If other venture capitalist investors have expressed interest in your idea, inform your current panel. Martin Soorjoo, founder of the Pitch Clinic, believes its wise to subtly introduce a sense of urgency if other investors are genuinely interested “Let it be known. Human nature dictates that we become more interested in something or someone that others want.” But he warns about appearing manipulative. “How you do this is critical, as any blatant attempt to manipulate the investor will almost certainly kill the deal,” says Soorjoo “Putting it out there to contacts you know in the investor’s network is one way of creating awareness that you’re the subject of investor interest.”

Don’t Be Anxious in Your Body Language

Studies show 55% of communication is conveyed through body language. Vanessa Van Edwards, startup consultant and researcher, cautions against certain hand gestures that they convey nerves rather than confidence. To appear cool and self-assured, avoid the following soothing mannerisms:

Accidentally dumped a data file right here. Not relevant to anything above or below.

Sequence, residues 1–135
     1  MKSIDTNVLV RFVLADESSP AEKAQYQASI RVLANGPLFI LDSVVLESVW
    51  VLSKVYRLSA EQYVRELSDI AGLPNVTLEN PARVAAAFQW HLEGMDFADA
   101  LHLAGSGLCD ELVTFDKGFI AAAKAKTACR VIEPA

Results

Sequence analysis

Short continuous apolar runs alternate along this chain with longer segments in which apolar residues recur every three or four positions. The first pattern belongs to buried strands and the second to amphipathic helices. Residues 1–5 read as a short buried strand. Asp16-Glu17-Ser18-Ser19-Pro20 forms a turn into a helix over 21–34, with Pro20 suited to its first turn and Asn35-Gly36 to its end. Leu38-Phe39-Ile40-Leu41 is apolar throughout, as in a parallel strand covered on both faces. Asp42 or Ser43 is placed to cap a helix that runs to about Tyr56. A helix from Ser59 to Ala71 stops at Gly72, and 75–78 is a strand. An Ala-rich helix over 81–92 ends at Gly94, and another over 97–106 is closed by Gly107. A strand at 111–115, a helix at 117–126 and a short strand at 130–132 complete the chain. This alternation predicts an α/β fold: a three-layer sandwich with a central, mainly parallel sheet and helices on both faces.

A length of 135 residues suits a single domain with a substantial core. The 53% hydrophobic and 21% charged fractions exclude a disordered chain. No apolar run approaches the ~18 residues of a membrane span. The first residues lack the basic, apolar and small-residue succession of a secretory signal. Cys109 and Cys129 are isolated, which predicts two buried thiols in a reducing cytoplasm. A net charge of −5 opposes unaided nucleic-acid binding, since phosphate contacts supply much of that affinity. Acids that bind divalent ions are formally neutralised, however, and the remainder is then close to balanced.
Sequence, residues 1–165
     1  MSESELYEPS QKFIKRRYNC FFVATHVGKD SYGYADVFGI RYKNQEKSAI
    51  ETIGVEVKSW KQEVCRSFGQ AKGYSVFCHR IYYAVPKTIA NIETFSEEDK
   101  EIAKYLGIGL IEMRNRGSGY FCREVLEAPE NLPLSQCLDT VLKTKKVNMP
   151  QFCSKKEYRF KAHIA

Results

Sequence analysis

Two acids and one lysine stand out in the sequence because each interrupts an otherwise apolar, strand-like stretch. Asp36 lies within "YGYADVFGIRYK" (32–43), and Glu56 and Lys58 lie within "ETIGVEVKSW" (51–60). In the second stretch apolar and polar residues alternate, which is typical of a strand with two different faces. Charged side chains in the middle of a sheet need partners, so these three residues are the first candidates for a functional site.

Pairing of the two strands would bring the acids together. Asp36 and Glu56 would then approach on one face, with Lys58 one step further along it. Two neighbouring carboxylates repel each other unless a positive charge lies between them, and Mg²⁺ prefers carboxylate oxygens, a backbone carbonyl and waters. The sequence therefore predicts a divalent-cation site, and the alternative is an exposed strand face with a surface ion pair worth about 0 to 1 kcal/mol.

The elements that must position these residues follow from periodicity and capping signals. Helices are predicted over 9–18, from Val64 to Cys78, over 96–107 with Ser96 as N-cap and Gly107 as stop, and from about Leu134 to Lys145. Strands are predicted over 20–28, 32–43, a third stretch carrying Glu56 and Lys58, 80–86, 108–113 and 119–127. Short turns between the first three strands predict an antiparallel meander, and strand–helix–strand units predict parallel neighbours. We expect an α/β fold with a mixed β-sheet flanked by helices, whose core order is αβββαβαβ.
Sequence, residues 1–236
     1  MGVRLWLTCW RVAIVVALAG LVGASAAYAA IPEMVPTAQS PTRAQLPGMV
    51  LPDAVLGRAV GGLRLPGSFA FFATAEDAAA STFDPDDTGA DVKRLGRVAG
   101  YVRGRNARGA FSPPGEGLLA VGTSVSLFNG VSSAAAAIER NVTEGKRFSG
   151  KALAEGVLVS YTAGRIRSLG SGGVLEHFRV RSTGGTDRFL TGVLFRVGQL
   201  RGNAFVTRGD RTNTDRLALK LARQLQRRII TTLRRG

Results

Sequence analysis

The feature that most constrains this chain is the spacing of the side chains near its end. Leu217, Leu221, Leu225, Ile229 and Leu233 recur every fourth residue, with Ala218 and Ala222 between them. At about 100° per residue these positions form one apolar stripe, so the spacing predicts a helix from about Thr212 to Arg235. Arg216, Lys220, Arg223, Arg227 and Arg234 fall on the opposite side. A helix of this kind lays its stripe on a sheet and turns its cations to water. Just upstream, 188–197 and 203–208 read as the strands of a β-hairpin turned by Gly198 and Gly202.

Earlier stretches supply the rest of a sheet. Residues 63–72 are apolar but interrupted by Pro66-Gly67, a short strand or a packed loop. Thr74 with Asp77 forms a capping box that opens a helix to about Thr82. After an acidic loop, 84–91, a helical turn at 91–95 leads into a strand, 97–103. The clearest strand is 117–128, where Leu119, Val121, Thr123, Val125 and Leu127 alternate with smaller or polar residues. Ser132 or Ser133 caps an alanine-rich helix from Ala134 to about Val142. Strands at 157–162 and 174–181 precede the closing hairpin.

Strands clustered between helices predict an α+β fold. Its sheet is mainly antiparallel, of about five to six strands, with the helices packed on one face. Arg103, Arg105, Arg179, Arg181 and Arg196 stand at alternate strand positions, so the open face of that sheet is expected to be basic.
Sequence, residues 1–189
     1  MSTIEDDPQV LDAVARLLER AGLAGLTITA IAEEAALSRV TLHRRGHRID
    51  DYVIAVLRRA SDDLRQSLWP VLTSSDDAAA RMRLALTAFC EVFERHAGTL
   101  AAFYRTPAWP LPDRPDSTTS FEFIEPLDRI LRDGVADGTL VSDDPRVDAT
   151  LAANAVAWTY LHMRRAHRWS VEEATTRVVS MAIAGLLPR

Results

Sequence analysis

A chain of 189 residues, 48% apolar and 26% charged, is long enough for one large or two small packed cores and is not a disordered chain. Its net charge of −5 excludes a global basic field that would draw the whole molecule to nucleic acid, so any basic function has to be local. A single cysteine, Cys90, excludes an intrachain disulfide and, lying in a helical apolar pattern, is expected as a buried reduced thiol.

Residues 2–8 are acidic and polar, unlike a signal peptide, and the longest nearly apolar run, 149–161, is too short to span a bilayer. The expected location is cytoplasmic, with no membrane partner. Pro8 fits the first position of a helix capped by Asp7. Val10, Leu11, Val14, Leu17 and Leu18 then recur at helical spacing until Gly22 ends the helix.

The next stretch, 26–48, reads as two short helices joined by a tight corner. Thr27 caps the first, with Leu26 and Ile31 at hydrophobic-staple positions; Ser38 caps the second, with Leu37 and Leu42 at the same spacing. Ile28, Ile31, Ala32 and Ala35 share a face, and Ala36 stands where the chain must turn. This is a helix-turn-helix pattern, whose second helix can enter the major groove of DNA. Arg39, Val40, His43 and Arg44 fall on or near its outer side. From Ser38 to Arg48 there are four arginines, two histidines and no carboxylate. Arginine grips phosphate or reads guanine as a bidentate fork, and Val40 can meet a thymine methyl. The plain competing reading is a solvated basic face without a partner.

• Wringing hands
  • Rubbing the notch in your collar bone
  • Cracking knuckles, pulling jewelry
  • Rubbing arms
  • Biting your lip

Do Be Prepared to Answer Questions

Don’t overwhelm the audience with financial and forecasting details, but expect to be asked about them- and have an answer ready. Expect questions like the following:

  • How big will your company get?
  • What percentage of the market will you obtain over x amount of time?
  • Why is this team the most capable of success?
  • What are your major milestones?
  • Do you plan to add new features to your product?
  • How do you compete in terms of quality, price, and performance?